A real hidden gem, I literally have found zero information online about the Lagos-based producer or his magnificent new EP. However, everything you need to know about this guy can be heard on this incredible project, featuring three near-perfect slices of modern R&B-meets-Afropop. The intoxicating first is a silky devotional, sung by rising crooner Kaysnap, while “Popular” is a playful, late-night number with dancehall touches. The third, “Nightshift,” is probably my favorite, pairing two strong voices from Nigeria’s alté scene on a track that deserves to be a global smash. I need to do some more digging on Duggie, but context be damned, these are three of the absolute best songs I’ve heard in 2019.

Listen to the EP on Spotify.

American Football
American Football
Polyvinyl
A double helping of #dadfeelings, the emo legends’ wonderful third LP features some of their most beautiful guitar-work and Midwestern mope master Mike Kinsella’s most cutting lyrics. Built around endless layers of impossibly twinkly guitars, Kinsella uneasily tries to ease into fatherhood, wondering how they hell he got here and whether he’s the right man for the job. Jokes aside, it’s an affecting, considered look at growing up, accompanied by tuneful, tasteful musical virtuosity.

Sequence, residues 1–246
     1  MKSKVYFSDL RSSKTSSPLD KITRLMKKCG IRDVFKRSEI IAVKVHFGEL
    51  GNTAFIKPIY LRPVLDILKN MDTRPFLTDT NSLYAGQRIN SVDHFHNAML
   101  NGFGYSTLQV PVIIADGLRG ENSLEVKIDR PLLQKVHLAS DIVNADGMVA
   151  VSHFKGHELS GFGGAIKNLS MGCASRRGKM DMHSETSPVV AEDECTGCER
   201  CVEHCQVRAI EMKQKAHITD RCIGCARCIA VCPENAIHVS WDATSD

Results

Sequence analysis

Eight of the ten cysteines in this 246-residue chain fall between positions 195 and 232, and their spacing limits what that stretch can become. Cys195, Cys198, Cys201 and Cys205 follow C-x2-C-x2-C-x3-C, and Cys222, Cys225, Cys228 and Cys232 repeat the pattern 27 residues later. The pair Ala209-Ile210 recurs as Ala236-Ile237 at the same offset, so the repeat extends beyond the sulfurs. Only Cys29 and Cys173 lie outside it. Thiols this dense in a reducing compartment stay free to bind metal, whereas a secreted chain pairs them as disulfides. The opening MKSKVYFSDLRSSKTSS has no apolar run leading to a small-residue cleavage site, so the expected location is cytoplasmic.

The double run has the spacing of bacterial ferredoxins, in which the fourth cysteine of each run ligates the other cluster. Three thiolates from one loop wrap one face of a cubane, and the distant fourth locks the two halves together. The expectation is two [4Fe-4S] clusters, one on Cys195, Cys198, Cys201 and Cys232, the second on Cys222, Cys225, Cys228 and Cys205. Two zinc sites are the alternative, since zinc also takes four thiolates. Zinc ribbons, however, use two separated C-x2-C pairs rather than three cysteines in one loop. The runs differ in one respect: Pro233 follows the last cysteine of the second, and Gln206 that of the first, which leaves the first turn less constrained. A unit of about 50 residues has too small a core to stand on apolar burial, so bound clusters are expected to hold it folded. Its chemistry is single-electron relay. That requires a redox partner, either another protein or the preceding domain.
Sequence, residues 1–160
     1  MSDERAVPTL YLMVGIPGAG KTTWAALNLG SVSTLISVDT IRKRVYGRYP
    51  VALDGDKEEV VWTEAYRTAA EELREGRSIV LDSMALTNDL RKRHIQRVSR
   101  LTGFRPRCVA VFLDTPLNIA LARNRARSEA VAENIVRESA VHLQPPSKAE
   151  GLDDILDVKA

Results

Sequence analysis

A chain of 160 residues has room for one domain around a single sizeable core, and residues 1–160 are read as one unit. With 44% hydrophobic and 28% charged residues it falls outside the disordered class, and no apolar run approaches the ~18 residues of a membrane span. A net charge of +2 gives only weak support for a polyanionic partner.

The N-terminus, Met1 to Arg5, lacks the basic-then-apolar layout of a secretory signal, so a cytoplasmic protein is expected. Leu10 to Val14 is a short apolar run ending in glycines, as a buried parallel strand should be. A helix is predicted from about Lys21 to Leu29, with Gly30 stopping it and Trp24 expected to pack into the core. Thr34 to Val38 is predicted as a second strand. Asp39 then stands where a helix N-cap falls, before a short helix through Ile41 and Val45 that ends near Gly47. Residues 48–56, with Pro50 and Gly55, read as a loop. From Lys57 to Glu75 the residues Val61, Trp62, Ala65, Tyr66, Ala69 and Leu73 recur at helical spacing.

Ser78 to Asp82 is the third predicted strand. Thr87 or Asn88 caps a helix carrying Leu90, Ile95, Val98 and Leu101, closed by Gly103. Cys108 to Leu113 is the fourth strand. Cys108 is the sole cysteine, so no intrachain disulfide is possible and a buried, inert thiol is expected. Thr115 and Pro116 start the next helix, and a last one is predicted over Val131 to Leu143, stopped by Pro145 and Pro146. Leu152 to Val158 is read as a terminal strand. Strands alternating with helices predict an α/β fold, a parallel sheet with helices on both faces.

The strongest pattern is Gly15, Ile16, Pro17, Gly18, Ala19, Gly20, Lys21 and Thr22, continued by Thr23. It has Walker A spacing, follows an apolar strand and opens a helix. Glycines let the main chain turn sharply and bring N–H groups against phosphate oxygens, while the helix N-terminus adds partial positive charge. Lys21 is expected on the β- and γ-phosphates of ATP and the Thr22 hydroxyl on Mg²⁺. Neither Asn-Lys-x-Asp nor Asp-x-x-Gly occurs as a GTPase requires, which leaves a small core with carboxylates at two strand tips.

Future
“Future Hndrxx Presents: The WZRD”
Epic
San Nayvadius’ hot-streak continues on this uneven, but exciting new project. Admittedly, it’s probably 8 tracks too long. But this is 2019, make yourself a playlist. Tuneful, upbeat pre-release singles “Jumpin on a Jet” and “Crushed Up” both delivered the goods, but Future really gets in his bag on the back-half of this project. Whether he’s crooning his ass off on “Baptize” or trading daggers with Young Thug and Gunna on “Unicorn Purp,” the 35 year-old still has so much to give.


Lomelda
“M for Empathy”
Double Double Whammy
At just 16 minutes for 11 songs, you could be forgiven for writing off the Texas folk experimenter’s new album as inessential sketches. You’d be wrong, of course. But I’d understand. The truth is, her third LP is a powerful collection of tracks that explore empathy and care (for herself and others) with arresting insight and a real intent to connect. Some may find her earnestness off-putting, but in this world, we need it more than ever.

Chief Keef
“Glotoven”
Glo Gang
Chief Keef and Zaytoven have so much in common. Though they are good collaborators, the duo basically operate in their own respective lanes, creating sounds and vibes that are all their own. So it’s no surprise that their joint LP is a fantastic, surprising journey into the minds of two of the great sonic auteurs of the last ten years. Zay serves up a tasty, multi-faceted collection of beats — from muscular street rap (“Sneeze,” “Han Han”) to reflective, luxurious piano magic (“Ain’t Gonna Happen,” “Petty”) — and Keef switches his flow up to match each of them, bringing out some of his most forceful, personal raps.

Ariana Grande
“thank u, next”
Republic